A black-winged stilt feeds with a hundred metres of Barcelona airport. Photo: Paddy Woodworth
Only fragments of Barcelona’s Llobregat Delta remain. Can it be saved?
A black-winged stilt is high-stepping daintily through shallow water. Its almost absurdly long legs flash vivid red, scattering silver droplets in the sunlight with each movement. The bird is so close to the hide you could almost reach out and touch it.
A pair of little terns and a pair of ringed plovers share a small, gravelly sandbar nearby, their chicks skulking almost invisibly in patches of marram grass behind them. A great egret seizes a fish in a deeper channel, while a marsh harrier quarters the surrounding reed beds, hunting prey to feed its young.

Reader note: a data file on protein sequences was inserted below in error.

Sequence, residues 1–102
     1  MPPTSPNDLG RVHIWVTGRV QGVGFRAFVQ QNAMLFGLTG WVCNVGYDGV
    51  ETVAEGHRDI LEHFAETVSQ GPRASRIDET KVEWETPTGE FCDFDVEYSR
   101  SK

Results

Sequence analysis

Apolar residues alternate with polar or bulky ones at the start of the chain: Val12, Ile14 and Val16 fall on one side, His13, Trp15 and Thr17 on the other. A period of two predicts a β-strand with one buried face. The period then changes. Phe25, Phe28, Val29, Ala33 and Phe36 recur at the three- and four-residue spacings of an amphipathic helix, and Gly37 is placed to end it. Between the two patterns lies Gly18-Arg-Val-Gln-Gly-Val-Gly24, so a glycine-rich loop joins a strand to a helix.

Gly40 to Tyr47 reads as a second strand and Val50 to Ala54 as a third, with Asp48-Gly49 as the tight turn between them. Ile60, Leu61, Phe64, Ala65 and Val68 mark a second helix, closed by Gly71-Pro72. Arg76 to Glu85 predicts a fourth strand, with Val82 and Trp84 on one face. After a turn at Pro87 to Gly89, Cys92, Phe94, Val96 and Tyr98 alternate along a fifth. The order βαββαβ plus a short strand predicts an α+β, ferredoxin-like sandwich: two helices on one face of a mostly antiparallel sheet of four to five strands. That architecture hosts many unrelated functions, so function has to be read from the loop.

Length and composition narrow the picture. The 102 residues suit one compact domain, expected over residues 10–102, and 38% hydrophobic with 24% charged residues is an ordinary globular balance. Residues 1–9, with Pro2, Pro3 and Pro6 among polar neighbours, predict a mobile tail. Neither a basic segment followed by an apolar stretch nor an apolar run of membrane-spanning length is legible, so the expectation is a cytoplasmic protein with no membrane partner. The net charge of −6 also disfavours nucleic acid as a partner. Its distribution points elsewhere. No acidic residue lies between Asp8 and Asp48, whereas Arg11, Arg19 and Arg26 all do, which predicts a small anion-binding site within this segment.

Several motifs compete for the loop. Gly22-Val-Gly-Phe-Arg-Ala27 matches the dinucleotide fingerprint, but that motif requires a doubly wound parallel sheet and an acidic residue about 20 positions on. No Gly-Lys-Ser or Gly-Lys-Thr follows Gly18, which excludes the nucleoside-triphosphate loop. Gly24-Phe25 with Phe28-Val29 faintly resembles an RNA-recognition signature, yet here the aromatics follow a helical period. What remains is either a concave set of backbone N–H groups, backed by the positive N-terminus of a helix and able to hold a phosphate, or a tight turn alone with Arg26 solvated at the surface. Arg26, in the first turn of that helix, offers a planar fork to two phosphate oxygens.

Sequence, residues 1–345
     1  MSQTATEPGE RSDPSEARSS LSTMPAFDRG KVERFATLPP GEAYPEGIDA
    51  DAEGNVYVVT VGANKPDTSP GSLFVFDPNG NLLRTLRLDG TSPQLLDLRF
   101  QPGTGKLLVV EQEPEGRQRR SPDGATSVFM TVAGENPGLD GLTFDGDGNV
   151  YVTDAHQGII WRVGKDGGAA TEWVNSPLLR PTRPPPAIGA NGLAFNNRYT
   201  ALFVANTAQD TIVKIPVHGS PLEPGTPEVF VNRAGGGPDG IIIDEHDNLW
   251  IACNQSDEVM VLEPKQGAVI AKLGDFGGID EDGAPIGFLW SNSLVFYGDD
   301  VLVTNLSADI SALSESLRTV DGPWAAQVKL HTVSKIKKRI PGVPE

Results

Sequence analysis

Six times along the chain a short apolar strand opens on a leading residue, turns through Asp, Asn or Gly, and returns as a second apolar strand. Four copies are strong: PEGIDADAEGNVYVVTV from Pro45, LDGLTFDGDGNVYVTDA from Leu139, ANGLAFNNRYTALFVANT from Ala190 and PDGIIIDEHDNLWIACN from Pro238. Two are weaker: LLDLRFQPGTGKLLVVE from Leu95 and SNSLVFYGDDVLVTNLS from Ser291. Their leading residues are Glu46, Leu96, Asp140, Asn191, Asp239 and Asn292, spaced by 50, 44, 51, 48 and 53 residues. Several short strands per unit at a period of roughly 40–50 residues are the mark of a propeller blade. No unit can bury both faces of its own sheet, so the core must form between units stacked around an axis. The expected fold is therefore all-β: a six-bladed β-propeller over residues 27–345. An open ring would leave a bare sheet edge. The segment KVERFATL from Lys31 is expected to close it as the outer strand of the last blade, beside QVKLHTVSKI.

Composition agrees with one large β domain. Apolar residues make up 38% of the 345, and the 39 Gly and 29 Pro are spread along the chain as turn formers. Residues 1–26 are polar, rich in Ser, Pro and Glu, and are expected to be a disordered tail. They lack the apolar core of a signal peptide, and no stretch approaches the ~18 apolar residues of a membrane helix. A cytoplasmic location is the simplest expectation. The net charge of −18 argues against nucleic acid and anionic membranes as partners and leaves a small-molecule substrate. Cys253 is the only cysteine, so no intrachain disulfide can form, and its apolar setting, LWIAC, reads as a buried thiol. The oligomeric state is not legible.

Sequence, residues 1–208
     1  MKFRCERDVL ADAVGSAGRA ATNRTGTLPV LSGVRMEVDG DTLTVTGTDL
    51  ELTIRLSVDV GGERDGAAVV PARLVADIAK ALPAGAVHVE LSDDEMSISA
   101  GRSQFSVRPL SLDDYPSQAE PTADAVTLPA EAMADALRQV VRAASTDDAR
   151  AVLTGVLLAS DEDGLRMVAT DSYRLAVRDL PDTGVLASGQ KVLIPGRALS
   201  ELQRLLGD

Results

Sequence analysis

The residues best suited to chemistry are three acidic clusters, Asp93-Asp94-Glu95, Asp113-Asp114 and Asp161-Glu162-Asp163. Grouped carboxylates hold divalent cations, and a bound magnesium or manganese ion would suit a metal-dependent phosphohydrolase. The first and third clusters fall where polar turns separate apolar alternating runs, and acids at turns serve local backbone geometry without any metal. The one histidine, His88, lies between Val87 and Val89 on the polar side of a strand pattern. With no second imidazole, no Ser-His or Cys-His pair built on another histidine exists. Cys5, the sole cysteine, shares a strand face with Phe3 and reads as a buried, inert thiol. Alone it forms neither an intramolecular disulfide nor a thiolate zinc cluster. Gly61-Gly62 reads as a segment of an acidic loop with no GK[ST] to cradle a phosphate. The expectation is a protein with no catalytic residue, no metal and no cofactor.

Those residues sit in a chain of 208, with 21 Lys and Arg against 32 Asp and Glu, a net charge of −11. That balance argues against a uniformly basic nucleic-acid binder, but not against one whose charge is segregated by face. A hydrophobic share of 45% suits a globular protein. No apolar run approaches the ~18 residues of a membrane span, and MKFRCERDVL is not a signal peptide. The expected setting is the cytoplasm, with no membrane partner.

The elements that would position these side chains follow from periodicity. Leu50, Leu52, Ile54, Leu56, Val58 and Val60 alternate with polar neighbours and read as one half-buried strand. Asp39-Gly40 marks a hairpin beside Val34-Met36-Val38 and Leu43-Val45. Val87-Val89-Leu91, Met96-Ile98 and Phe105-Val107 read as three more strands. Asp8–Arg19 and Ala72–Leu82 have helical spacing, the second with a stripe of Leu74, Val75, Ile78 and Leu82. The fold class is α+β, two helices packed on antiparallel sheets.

This is a typical enough summer view from a hide in any Mediterranean wetland. Typical, that is, until the structure begins to shake as a Boeing 747 thunders overhead, so low you can see every detail of its wheels retracting after take-off. Look out the right-hand window of the same hide, and you don’t see birds: you see the end of a runway at the Barcelona-El Prat airport, the seventh busiest in Europe, barely a hundred metres away.
Read the full article in The Irish Times, 22 July 2017
Articles & Blog
Articles on the environment; Spanish, Catalan and Basque politics; travel; culture; and other subjects; interspersed with personal reflections and images